To space out the activity (i.e. mentally prepare for the next hill to summit) we also did heaps of sight-seeing. I must say it is great to have a guest around to remind me that Sydney is a beautiful city. (Not that I really need much reminding.) We crammed as much into each day as possible and still there were things we had to leave out. Though I think we definitely would win the “German Efficiency Badge of Honour”, assuming this is a real thing. If it isn’t I am sure a German will politely inform me of my error and make a mental note that I play fast and loose with the truth. Ha.

So yes, all the things! After watching Tosca at the Opera House we went on a backstage tour to see the mayhem that is three opera sets for three separate operas crammed into the smallest area imaginable and experience the bedlam that is the world’s tiniest orchestra pit. It was so cramped that musicians have to monitor the decibels of their instruments to make sure they don’t damage their ears. It was interesting to see that such an iconic building still hasits limitations for those who actually have to use it! Then maybe we’d catch the ferry up the Parramatta river to zip around on a segway in Sydney Olympic Park. Which, I must admit, was not lame but actually totally awesome. Or maybe we’d catch a ferry in the other direction to Watson’s Bay and serendipitously find beautiful local beaches filled with beautiful Eastern Suburbs dwellers. Honestly, those who live out there must sweat diamonds they are so bling! But good for them. Or maybe we would climb 1302 steps up and down the Harbour Bridge and then spend an hour trying to decide what movie to watch while our muscles seize up on the couch. Apparently our movie tastes are still not perfectly aligned 🙂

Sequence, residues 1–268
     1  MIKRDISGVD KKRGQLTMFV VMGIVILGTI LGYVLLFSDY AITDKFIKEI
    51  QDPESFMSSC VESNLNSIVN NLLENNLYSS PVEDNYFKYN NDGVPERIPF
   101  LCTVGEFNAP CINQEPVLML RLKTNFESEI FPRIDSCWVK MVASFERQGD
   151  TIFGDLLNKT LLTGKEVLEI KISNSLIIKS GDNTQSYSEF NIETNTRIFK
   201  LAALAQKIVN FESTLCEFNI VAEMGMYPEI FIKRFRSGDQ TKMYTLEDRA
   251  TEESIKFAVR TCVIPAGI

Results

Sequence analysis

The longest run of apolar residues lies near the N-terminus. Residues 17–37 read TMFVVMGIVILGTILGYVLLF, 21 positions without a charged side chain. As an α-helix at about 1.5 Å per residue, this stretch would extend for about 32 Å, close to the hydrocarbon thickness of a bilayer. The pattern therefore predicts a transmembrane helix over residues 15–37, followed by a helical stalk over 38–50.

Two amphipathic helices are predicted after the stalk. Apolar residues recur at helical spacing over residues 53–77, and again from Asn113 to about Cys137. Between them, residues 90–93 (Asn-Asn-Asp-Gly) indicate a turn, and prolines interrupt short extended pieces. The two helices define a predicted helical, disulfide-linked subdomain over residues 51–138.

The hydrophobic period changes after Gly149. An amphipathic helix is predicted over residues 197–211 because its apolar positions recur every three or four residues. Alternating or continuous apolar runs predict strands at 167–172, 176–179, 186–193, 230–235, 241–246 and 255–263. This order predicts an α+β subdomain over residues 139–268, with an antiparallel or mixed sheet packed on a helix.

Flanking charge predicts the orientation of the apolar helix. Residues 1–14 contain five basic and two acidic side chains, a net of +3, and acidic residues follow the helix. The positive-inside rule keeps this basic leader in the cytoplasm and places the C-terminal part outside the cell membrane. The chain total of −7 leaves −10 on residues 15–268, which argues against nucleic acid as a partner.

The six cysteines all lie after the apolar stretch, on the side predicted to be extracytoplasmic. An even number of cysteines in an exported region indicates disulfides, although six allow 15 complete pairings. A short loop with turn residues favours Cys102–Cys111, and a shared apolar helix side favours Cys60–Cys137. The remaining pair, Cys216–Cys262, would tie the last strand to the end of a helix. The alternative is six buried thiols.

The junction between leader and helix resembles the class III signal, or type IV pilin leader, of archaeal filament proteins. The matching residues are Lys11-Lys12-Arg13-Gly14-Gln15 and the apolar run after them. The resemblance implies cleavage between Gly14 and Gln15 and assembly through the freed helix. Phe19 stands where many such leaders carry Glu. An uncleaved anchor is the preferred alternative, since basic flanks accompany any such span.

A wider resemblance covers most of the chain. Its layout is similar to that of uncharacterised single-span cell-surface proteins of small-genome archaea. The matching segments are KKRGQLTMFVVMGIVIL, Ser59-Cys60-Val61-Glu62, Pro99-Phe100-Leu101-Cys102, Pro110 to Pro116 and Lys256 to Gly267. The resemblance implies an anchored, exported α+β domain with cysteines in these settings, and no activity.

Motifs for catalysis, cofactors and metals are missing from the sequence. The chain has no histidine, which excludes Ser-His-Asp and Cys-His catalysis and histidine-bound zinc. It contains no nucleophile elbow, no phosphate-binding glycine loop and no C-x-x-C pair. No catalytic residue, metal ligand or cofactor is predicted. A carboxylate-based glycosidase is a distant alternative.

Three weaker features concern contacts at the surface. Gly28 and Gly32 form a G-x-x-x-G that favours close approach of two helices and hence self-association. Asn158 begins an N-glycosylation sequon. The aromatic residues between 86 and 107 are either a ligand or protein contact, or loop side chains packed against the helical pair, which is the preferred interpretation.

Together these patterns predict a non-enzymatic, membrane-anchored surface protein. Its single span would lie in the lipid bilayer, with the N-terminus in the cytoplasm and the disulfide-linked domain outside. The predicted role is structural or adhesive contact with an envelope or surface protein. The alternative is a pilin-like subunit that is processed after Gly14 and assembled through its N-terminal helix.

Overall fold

We did take a few mini-trips as well, out to the Blue Mountains and up to Cairns and Port Douglas in Queensland. I was glad my dad got to see the variety of landscapes here as even the Blue Mountains, which are only a few hours inland from Sydney, are noticeably different from the coast. Being one for the facts he would always look up every discernible item of interest and fill me in the following morning. Which is another reason he is a pretty rad dad. I know I wrote about the Daintree and the Great Barrier Reef already but I will say it again: what a powerful and humbling reminder that nature is amazing. Truly. This trip up to Queensland was just as excellent as my trip with the Winters back in March. With the aforementioned winds we were a bit landlocked though, so we delved a bit deeper into the Daintree Rainforest. Want to know what it was like when Gondwana was being a big ol’ landmass? Then visit the Daintree, it is beautiful in its old age. The highlight of my time there was getting to see where the rainforest meets the reef in the ocean. The rainforest vegetation has adapted to the salt-water conditions and that is pretty bad-ass.

So basically, I had a fantastic time with my dad. It’s been 20 years since we took a trip just the two of us and I think we did pretty darn well. I was sad to see him go but will be so excited to hit the bike trails with him again when I get back home.

Much love to everyone,
Heather

P.S. Curtis is still alive. His job was bonkers crazy while my dad was here but he has since resurfaced to a world of normal work hours. He spent this past weekend being lovely and patient with me while we went diving for my birthday. He’s read like six books this week. He has discovered a new UK comedy panel show starring David Mitchell (how many programs is that guy on!? Not that I’m complaining…) He dressed up like John Lennon from Abbey Road for a 60s party and was very cute. He is not liking the sudden surge on our local thermometer. He is still liking Sunday night chicken dinner after dancing. He bought another fountain pen, much to my chagrin. He is pretty swell overall. He sends his love as well.